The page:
Post-mortem HD-DVD wares selling on eBay fall into two categories: 1. Sellers who know its over and are just trying to move their units for whatever they can get before they are completely worthless and 2. Sellers who have yet to be hit by reality and have put reserve prices on their items which are near list price. Observation shows that this second group of sellers are being ignored.

Those who are letting the eBay market dictate the price are finding ample bidders. For example, on February 25th a new sealed Toshiba HD-A3 with 5 movies included sold for $78.77. There were 21 bids on this player. A new-in-box Toshiba HD-A35 garnered 20 bids and sold for $154.49. Early March auctions for these two models are closing at around the same prices and "buy it now" prices are starting to reflect this. Used HD-A3x units - players with at most a couple of months use - are selling for less. All of these units play and upconvert standard DVDs. But even if you can get one of these players at near the cost of a standard DVD player, is there really much of a point?

Movie Prices

Films and television shows in the HD-DVD are selling quite cheaply on eBay, averaging between $6 and $10 for an unopened disc. That's less than what you can buy the standard DVD version of the same movie for. This is where it gets interesting, because HD-DVD owners now have the opportunity to build themselves a sizeable film library inexpensively.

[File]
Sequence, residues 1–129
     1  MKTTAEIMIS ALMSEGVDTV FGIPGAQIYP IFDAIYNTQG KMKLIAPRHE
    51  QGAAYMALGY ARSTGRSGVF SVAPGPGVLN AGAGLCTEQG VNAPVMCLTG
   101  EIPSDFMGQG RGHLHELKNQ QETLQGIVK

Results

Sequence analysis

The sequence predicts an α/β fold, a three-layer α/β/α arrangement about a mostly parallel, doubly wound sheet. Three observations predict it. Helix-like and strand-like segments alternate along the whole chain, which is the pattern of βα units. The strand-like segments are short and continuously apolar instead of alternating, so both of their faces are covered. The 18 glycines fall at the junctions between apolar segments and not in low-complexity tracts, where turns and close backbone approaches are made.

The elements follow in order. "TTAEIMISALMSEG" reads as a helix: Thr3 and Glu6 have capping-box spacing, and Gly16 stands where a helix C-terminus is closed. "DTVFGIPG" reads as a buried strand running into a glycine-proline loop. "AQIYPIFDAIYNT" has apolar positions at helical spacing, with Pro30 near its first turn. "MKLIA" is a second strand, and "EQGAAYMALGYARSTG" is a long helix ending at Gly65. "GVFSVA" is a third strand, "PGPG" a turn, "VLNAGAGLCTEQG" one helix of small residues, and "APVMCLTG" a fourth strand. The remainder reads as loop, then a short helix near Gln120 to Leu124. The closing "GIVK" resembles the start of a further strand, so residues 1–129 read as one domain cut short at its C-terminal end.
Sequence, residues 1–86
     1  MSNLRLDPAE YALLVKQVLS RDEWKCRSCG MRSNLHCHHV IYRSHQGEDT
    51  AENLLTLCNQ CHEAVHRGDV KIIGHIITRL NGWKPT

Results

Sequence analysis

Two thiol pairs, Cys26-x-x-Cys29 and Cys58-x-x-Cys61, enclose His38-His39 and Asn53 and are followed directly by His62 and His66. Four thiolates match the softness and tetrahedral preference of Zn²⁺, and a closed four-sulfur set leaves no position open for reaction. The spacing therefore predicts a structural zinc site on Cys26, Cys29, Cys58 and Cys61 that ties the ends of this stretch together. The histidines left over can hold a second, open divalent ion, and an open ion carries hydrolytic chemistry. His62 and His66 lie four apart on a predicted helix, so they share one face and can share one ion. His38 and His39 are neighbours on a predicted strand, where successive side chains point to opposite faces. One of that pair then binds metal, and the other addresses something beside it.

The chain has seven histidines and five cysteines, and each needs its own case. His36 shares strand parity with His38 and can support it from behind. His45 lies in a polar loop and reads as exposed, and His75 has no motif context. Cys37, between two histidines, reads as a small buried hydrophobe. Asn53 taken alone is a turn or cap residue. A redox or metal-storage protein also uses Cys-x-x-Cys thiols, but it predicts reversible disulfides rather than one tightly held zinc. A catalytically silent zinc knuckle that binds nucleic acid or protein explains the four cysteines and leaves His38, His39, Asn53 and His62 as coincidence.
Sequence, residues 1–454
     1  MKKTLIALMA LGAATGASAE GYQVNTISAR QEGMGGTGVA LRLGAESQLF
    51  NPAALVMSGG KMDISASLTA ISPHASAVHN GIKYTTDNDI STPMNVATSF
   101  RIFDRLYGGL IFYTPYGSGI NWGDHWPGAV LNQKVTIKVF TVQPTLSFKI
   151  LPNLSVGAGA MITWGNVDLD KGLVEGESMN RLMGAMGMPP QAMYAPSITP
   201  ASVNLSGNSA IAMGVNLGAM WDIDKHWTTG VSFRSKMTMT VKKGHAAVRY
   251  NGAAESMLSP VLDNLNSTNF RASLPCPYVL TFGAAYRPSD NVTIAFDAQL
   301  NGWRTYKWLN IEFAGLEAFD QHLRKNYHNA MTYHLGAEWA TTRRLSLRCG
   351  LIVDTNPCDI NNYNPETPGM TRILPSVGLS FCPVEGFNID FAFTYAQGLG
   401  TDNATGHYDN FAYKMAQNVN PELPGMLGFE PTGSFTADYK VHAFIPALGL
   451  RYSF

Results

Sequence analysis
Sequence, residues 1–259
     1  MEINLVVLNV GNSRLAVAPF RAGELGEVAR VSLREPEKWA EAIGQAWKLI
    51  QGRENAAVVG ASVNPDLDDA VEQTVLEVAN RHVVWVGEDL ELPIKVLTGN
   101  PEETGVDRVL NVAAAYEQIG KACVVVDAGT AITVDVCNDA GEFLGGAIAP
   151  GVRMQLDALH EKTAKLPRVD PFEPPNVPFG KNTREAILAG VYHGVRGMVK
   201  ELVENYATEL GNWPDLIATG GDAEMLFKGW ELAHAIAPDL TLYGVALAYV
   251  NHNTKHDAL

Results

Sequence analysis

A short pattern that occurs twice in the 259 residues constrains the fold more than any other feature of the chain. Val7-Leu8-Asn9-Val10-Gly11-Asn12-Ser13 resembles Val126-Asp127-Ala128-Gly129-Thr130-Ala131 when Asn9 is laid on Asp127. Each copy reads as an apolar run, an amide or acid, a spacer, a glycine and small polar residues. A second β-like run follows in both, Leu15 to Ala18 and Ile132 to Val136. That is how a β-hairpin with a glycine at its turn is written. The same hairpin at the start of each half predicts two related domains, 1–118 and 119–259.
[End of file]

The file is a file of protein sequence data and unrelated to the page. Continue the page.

A key issue with high-def discs that also comes into play here is that the number of available films in both HD-DVD and Blu-Ray are rather enemic. Furthermore, because of exclusive contracts with movie studios, many titles are only available in one format or the other. Sure, it will all move to Blu-ray now, but that will take time, particularly since there are only a relatively small number of Blu-ray users now. Until Blu-ray players hit critical market mass each studio will only offer a modest cross-section of their films in high-def. That means it may take a couple of years before the local video rental shop sports a robust selection of Blue-ray titles. Until then Blu-ray users will find themselves using their pricey units to play a lot of standard DVDs. Of course, so will HD-DVD owners.

Early Adopter Depreciation - Do the Math